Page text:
Okuma Corporation
Native name
Company typePublic (K.K)
TYO: 6103
FoundedNagoya (January 1898; 126 years ago (1898-01))
FounderEiichi Okuma
HeadquartersŌguchi, Aichi 480–0193, Japan
Area served
Key people
Atsushi Ieki
RevenueIncrease US$ 1.305 billion (FY 2013) (JPY 134.35 billion) (FY 2013)
Increase US$ 77.22 million (FY 2013) (JPY 7.94 billion) (FY 2013)
Number of employees
3,812 (consolidated, as of March 2020)
WebsiteOfficial website
Footnotes / references

Okuma Corporation (オークマ株式会社, Ōkuma Kabushiki-gaisha) is a machine tool builder based in Ōguchi, Aichi Prefecture, Japan. It has global market share in CNC machine tools such as CNC lathes, machining centers, and turn-mill machining centers. The company also offers FA (factory automation) products and servomotors.[2]

It is listed on the Tokyo Stock Exchange and is a component of the Nikkei 225 stock index.[3]


This section needs expansion. You can help by adding to it. (April 2013)

The company was founded in 1898, as the Okuma Noodle Machine Co., to manufacture and sell noodle-making machines. Eiichi Okuma, the founder of the original company, was working on how to make udon more effectively. He was using lathe to make "sticks", that has an important role in cutting the udon noodle. But the lathes used in those days in Japan were of poor precision. This was one of big reasons which convinced Okuma to start making machine tools.[4] In 1918 Eiichi established Okuma Machinery Works Ltd. and started selling the OS lathe.

Okuma is a machine tool builder with a history of more than 100 years. Lathes were the main product category in the early days of company. The line now includes many CNC machine tools, including lathes, machining centers (mills), multitasking (turn-mill) machines, and grinding machines. Okuma's Double-Column Machining Center has a large market share in Japan.

Technological development

An Okuma MULTUS U3000 multi-tasking machine with automatic tool changer at Lampin Corporation in the Blackstone Valley of Massachusetts.
An Okuma MULTUS U3000 multi-tasking machine with automatic tool changer at Lampin Corporation in the Blackstone Valley of Massachusetts.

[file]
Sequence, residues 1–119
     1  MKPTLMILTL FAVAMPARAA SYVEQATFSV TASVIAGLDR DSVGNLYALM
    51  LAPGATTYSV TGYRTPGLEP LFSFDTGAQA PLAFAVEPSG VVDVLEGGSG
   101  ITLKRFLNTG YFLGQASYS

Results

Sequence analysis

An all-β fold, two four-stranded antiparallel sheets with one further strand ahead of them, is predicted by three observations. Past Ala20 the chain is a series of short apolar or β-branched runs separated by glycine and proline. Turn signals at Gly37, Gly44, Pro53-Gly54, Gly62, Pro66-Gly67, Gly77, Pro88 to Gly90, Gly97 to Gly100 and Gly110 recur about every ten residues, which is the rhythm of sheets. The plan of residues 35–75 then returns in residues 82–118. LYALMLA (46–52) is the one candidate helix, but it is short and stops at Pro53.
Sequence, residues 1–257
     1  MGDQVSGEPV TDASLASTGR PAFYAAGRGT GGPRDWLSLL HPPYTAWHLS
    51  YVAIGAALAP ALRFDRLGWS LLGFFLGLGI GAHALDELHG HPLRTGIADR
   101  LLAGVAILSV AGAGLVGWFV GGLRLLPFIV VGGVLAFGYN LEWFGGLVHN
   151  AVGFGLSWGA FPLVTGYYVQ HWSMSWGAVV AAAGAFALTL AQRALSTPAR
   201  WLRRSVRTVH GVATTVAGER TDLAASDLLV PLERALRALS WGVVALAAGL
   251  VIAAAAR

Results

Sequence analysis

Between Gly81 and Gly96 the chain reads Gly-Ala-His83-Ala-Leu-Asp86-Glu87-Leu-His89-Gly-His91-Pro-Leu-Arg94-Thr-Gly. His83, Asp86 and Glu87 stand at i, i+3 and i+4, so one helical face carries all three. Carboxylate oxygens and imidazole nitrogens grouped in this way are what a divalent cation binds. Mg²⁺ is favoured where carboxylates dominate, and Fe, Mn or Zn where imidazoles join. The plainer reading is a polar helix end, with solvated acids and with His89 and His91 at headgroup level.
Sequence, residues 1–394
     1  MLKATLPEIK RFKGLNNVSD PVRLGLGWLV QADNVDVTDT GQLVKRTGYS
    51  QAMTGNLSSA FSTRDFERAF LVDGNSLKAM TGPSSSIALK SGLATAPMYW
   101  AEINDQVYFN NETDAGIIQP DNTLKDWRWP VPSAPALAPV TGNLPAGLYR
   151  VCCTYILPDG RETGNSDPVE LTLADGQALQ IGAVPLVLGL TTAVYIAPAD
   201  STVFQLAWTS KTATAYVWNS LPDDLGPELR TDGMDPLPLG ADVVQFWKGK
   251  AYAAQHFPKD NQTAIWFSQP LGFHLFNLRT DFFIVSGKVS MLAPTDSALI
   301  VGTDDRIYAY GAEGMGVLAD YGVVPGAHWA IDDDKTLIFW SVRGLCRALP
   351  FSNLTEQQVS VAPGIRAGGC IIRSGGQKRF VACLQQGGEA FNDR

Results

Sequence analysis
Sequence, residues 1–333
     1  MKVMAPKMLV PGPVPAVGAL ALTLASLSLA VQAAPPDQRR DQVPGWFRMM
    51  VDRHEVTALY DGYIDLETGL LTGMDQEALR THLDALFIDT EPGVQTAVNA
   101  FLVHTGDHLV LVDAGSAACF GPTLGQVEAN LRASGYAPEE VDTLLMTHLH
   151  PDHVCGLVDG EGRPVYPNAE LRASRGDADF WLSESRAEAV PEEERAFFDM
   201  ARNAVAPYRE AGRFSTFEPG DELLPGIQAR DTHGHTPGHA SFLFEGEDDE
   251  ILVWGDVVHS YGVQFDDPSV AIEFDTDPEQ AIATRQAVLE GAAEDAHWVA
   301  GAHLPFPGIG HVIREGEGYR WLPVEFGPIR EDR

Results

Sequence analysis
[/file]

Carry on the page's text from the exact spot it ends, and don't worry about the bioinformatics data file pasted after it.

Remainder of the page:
Most machine tool builders source their CNC controls from partners such as Fanuc, Mitsubishi Electric, Siemens, and Heidenhain. Several builders have developed their own CNC controls over the years (including Mazak, Okuma, Haas, Dalian Kede and others), but Okuma is unusual among machine tool builders for the degree to which it designs and builds all of its own hardware, software, and machine components. This is the company's "Single Source" philosophy.

Okuma's CNC control is called the "OSP" series. It offers closed-loop positioning via its absolute position feedback system. The "OSP" name began as an abbreviation for "Okuma Sampling Pathcontrol".

In an industry that pushes hard for continual technological innovation, Okuma has often been an innovative leader.[citation needed] For example, it has been among the leaders of development for thermal compensation and collision avoidance.[citation needed] Thermal compensation is designing the machine elements and control to minimize the dimensional distortion that results from the heat generated by machining. This is done both by preventing heat buildup (for example, flowing coolant through machine elements formerly not cooled) and by detecting and compensating for temperature rises when they occur (for example, monitoring temperature with a sensor and using the sensor's output signal as input to the control logic). Collision avoidance is designing the machine to predict and prevent interference, for example, having the machine "know" the form and location of all fixturing so that it can foresee a crash and stop its own movement before crashing. Recent innovation includes technology to avoid chatter, both by predicting and preventing it and by early automatic detection and correction (via dynamic changes of speeds and feeds) when it does occur.


  1. ^ "Corporate Profile". Okuma Corporation. Archived from the original on July 12, 2015. Retrieved March 26, 2015.
  2. ^ "Company Snapshot". Bloomberg Businessweek. Retrieved March 26, 2015.
  3. ^ "Components:Nikkei Stock Average". Nikkei Inc. Retrieved March 26, 2015.
  4. ^ Christian Berggren; Masami Nomura (1997). The Resilience of Corporate Japan: New Competitive Strategies and Personnel Practices. SAGE Publications. p. 151. ISBN 978-1-85396-309-4.